Committed To The First Amendment

The Sixth Vote

Univision/HBC is finally a done deal. Or is it? There was word last week that forces opposing the merger might try to keep the issue alive at the FCC, hoping that it will come back to bite President Bush at election time. There was even talk that they were choosing FCC reconsideration rather than a court challenge not because they thought they had a better shot there, but because, if they lost in court, it would be seen as an official imprimatur for the Bush position. "There are political reasons that may ultimately decide the next course of action," said a lawyer for some of the deal's opponents. That may be the new media-regulation mantra. Or to paraphrase a great philosopher: It ain't over even when it's over.

We recognize that Bush's appeal to Hispanic voters was critical to his election and that anything that divides their loyalties is a gilt-edge invitation to political opponents. Still, we're tiring of media regulation as political football or, in the case of all the back-and-forth of the FCC's ownership rules, political tennis. The internal politics of the issues are unavoidable. Republicans and Democrats on the commission are going to disagree.

But now there seems to be an extra vote that turns the FCC's 3-2 decisions into stalemates after the fact. That extra vote may appear to be the righteous anger of the populace finally given voice. It is certainly an appealing image, but we're not convinced it is more than the effective pushing by a few of the right buttons—or, in some cases, the left buttons—to get the appropriate people lathered up. The effect, certainly in the ownership-rule review, has been to co-opt the FCC's regulatory process and introduce continuing uncertainty for broadcasters.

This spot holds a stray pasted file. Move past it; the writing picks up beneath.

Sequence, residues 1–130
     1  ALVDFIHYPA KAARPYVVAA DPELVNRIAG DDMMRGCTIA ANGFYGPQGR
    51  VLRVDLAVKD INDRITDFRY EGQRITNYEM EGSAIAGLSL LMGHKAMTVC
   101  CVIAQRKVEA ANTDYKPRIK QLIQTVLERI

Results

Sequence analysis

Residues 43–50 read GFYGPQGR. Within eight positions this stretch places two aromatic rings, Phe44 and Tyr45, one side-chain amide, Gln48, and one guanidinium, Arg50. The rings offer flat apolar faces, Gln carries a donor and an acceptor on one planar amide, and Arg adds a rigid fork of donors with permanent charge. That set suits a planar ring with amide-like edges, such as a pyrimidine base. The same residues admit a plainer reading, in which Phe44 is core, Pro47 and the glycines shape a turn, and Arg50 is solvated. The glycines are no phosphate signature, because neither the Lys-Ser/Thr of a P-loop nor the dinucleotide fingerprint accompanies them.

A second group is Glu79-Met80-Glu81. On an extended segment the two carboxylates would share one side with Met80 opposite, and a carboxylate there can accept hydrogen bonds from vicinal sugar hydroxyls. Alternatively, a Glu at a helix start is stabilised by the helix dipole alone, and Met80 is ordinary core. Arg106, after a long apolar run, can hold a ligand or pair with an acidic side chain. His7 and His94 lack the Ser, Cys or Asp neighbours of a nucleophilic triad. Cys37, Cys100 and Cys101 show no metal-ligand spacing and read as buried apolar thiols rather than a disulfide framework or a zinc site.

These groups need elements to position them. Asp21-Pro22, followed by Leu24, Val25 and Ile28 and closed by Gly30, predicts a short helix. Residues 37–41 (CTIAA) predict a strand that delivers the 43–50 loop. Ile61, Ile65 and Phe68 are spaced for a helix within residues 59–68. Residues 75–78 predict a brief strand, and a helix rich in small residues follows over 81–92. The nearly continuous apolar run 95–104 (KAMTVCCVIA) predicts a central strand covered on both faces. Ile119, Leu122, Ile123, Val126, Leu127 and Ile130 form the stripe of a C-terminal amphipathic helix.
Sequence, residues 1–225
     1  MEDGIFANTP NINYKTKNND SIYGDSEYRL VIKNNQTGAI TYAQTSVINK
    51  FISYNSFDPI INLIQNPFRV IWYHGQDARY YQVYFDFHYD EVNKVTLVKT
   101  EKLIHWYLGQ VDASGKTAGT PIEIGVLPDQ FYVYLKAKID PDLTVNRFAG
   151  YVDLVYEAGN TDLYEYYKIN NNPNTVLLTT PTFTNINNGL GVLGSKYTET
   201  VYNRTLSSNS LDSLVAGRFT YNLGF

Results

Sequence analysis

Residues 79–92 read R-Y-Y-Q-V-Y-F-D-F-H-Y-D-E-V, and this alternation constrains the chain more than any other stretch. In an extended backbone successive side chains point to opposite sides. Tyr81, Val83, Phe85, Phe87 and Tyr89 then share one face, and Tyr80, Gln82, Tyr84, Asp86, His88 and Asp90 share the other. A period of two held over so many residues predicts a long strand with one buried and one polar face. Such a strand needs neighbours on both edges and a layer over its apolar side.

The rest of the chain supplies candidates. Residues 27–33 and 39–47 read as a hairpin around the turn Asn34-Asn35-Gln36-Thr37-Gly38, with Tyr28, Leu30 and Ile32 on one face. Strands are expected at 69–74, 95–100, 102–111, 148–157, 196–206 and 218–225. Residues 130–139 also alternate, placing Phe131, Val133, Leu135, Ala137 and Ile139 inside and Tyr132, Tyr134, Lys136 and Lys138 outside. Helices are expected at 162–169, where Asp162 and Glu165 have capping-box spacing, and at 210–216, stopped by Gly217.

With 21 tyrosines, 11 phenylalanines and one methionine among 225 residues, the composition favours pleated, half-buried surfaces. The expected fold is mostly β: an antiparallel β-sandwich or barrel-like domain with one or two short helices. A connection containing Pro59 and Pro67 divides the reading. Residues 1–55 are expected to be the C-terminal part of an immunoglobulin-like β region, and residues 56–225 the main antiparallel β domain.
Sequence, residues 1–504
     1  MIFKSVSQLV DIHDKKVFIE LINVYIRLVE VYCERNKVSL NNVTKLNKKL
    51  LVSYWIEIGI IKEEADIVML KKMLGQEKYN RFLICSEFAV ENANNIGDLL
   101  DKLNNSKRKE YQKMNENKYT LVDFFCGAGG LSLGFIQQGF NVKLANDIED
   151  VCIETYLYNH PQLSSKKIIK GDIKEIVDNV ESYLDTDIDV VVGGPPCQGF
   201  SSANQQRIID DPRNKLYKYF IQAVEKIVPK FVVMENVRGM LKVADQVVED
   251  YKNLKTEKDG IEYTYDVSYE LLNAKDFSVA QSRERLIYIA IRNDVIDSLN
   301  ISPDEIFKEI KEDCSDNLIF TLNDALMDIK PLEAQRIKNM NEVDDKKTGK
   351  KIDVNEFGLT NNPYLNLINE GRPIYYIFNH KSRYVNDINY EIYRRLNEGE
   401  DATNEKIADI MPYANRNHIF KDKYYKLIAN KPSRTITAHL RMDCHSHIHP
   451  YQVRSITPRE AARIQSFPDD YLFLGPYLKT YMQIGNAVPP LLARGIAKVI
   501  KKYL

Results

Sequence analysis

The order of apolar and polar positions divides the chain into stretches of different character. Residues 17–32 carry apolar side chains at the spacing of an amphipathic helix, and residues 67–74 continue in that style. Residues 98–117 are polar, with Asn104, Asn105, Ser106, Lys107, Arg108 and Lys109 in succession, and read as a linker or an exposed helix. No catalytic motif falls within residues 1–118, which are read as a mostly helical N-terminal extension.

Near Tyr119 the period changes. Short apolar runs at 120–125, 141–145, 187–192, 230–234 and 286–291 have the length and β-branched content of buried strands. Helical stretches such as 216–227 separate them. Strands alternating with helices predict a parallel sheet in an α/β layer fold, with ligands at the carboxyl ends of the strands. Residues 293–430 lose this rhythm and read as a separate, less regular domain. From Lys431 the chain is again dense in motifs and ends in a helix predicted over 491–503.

The majority of the government regulators charged with the decision, after a year of consideration, have concluded that Spanish-language media are not some separate entity that must be protected from itself and that the new Univision/HBC will represent a stronger competitor to English-speaking media, which it sees as a public interest. Given that reasoning, the News Corp./DirecTV deal should be approved on the grounds that DBS is not a separate market from cable and that the resulting company will be a stronger competitor to cable. And it probably will be approved at the FCC. Yet we suspect that this deal too may have to await the sixth vote and it may be a long time coming.

In Harm's Way

We watched and laughed with the rest of the Emmy crowd as Jon Stewart took shots at network journalists, in this case primarily cable, for their occasional missteps and excesses. Most seemed on the mark, by the way. But we were reminded toward the end of the week of the other shots journalists take. The bombing of NBC's Baghdad bureau, in which a guard was killed and a sound technician injured, and the fire directed at an AP photographer in the same city provided sobering evidence of the risks those journalists continue to face in post-war Iraq and wherever the commitment to chronicle events trumps the instinct for self-preservation.